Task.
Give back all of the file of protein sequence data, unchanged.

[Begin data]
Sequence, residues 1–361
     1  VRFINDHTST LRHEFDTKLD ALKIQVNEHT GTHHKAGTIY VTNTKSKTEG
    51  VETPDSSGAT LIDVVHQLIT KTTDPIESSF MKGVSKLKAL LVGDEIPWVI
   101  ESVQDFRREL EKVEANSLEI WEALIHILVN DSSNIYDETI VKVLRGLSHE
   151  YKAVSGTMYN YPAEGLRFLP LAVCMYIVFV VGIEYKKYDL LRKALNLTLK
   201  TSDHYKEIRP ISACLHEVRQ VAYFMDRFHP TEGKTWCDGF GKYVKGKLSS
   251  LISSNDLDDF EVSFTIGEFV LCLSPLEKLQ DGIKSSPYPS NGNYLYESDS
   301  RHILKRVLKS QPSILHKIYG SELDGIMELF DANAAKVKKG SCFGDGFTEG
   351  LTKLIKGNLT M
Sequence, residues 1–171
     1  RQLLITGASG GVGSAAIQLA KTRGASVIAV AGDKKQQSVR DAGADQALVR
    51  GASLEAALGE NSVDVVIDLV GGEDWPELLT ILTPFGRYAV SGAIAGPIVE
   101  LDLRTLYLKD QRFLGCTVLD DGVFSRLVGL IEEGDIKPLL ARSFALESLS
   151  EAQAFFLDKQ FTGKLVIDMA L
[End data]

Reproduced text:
Sequence, residues 1–361
     1  VRFINDHTST LRHEFDTKLD ALKIQVNEHT GTHHKAGTIY VTNTKSKTEG
    51  VETPDSSGAT LIDVVHQLIT KTTDPIESSF MKGVSKLKAL LVGDEIPWVI
   101  ESVQDFRREL EKVEANSLEI WEALIHILVN DSSNIYDETI VKVLRGLSHE
   151  YKAVSGTMYN YPAEGLRFLP LAVCMYIVFV VGIEYKKYDL LRKALNLTLK
   201  TSDHYKEIRP ISACLHEVRQ VAYFMDRFHP TEGKTWCDGF GKYVKGKLSS
   251  LISSNDLDDF EVSFTIGEFV LCLSPLEKLQ DGIKSSPYPS NGNYLYESDS
   301  RHILKRVLKS QPSILHKIYG SELDGIMELF DANAAKVKKG SCFGDGFTEG
   351  LTKLIKGNLT M
Sequence, residues 1–171
     1  RQLLITGASG GVGSAAIQLA KTRGASVIAV AGDKKQQSVR DAGADQALVR
    51  GASLEAALGE NSVDVVIDLV GGEDWPELLT ILTPFGRYAV SGAIAGPIVE
   101  LDLRTLYLKD QRFLGCTVLD DGVFSRLVGL IEEGDIKPLL ARSFALESLS
   151  EAQAFFLDKQ FTGKLVIDMA L